10 Skills for Surviving Homeownership

From on January 26, 2009 in Tools and Tips

survive-homeownership-00.jpgThis Old House has guided and entertained us through eons of remodeling over the years. Ya gotta love ‘em. Now, being the ever-so-pleasant helpers that they are, the brains behind TOH have put together a comprehensive list of skills for surviving the daily dilemmas of homeownership. Here are 10 skills that caught my eye, mostly for their simplicity and undeniable usefulness:

  1. Reusing paint thinner. After cleaning paint brushes in a wide-mouth jar, remove them and let the residue separate and settle to the bottom. Wait a few days, then pour the separated contents into a different jar, cap, and save for later use. Let the paint residue harden and discard.
  2. Fixing a hammer mark on trim. On a finished surface such as trim, poke the area repeatedly with a needle to create pores and drop several drops of water on it. Cover the area with a damp rag and iron it on the cotton setting. The absorbed water will evaporate and expand the crushed wood. In order to concentrate the iron’s heat on the dented area only, place an upside down bottle cap over it. Repeat the process until the wood regains its shape.
  3. Repair a doorbell. A doorbell has three parts: the switch, the bell, and a transformer connecting the two. First check the wire connections in the switch. Touch the two wires together (the voltage is too low to be dangerous). If the bell rings then the problem is the switch. If nothing happens or a strange noise ensues, then check the bell. Clean it, inspect wiring, and make sure the hammer isn’t bent away from the bell or jammed with dirt. If you still get nothing then the transformer is the problem. That will require an electrician.
  4. Securing a loose screw. Everyone has a screw loose once in a while. To fix it you need to fill in the hole. Use some kind of wood (matchstick, toothpick, golf tee, etc.) packed in tightly with the help of carpenter’s glue. An improvement on that method is to use a 3/8-inch dowel: First drill a 3/8” hole. Cut off a small section of dowel, dab it with glue, and tap it into the hole until it is tight. Wait for the glue to dry then use a chisel or saw to cut the excess wood flush with the surface. Drill a new pilot hole and reattach the screw.
  5. Solder a copper pipe. Learning basic plumbing skills such as these can save you a lot of money. First make sure that the area to be joined is absolutely clean with no water or grit inside the pipes. Then…
  • Deburr the inside of the pipe with a reamer and clean the outside with emery cloth.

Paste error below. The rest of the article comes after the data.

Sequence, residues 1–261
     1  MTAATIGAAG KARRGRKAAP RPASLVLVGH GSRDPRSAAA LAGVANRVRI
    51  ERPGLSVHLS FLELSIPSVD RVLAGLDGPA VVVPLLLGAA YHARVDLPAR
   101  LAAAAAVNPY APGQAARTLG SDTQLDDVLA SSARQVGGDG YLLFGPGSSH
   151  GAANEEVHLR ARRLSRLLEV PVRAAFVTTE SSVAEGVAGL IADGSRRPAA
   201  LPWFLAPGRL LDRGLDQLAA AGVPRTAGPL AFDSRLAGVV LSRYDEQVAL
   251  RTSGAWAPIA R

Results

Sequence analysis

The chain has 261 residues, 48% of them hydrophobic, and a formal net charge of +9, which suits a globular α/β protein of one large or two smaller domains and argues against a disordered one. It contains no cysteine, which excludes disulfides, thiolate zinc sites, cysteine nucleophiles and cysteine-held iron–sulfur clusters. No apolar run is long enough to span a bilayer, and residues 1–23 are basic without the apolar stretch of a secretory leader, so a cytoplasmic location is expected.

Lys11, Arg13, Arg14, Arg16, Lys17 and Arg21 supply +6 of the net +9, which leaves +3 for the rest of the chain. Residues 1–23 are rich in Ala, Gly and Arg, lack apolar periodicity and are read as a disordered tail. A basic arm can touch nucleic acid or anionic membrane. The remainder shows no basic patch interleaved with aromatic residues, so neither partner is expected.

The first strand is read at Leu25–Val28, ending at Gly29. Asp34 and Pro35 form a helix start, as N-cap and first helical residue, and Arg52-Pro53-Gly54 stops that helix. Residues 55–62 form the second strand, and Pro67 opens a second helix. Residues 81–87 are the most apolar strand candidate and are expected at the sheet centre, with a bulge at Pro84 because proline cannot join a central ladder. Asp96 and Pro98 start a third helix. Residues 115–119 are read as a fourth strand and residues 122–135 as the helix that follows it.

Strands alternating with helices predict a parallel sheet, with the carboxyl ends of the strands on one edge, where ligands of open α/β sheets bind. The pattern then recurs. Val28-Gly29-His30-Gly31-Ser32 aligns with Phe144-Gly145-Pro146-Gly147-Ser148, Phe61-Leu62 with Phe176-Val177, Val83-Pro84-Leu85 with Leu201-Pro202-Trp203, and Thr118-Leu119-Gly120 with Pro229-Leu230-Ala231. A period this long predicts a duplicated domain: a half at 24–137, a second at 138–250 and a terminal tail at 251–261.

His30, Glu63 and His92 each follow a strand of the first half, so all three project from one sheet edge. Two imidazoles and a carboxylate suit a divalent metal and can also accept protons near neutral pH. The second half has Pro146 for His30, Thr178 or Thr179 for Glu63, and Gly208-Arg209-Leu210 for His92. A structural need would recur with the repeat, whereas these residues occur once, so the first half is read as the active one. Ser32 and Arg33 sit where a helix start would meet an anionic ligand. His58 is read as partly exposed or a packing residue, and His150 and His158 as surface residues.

• Apply flux to both pipes and fit them together. Where flux is, solder will flow.
  • Hold a propane torch on one side of the joint until the flux begins to bubble. Touch the solder to the opposite side of the joint and pull the flame away. As you remove the flame the solder will naturally flow towards the heat, thus getting sucked all the way around the fitting.
  • Wipe the joint with a damp rage immediately.
  • Clean stained grout. Believe it or not, grout can be cleaned even at its worst. Use a steam cleaner. This will bring just about any stain to the surface so that you can simply wipe it away. Apply a penetrating sealer after the fact to keep the grout stain-free.

  • Drill through tile without cracking it. The key to this trick is to grab a drywall screw and a hammer. Place the screw exactly where you’d like to drill and tap it lightly with the hammer. This will create a divot, penetrating the glaze. Put your masonry drill bit right into that divot and drill.

  • Avoid stripping a screw. Notice the clutch, or that sliding ring of numbers on your drill. It prevents the bit from turning when the drill motor feels a set amount of torque—less at lower numbers, more at higher numbers. Typically, set it low for small screws and high for large ones, although a low setting is good for drywall to prevent sinking the screw right through the paper.

  • Give your lightbulb a long life. A big reason why lightbulbs tend to die out suddenly with a flash and a pop is the little brass tab inside the lamp socket. If that tab is dirty or bent then it will interrupt the connection, causing the filament to flash on and off (too fast for us to see) and shortening its life. To prevent that, unplug the fixture or flip the breaker off. Then use a Q-tip and rubbing alcohol to clean the tab. Give it a nudge with a screwdriver if the tab is bent; a cheap trick that is well worth it.

  • Fix a leaky faucet. The mother of all homeowner headaches is the leaky faucet. It often comes to wasted water, sleepless nights, and an expensive call to the plumber. But most of the time the problem is simply a worn washer inside the handle, an easy fix. First, turn off the water supply under the sink and stuff a rag in the drain to avoid losing any parts. Now take the handle apart by removing the screw cover, then the screw. Disassemble the stem and line up the parts on the counter in the order they came off (important!). Examine any rubber or plastic parts for wear or cracks and take the suspects into the hardware store to get an exact replacement. Reassemble and be done!

  • You can read all 47 skills you need to survive homeownership at thisoldhouse.com.

    Illustration: Jonathan Carlson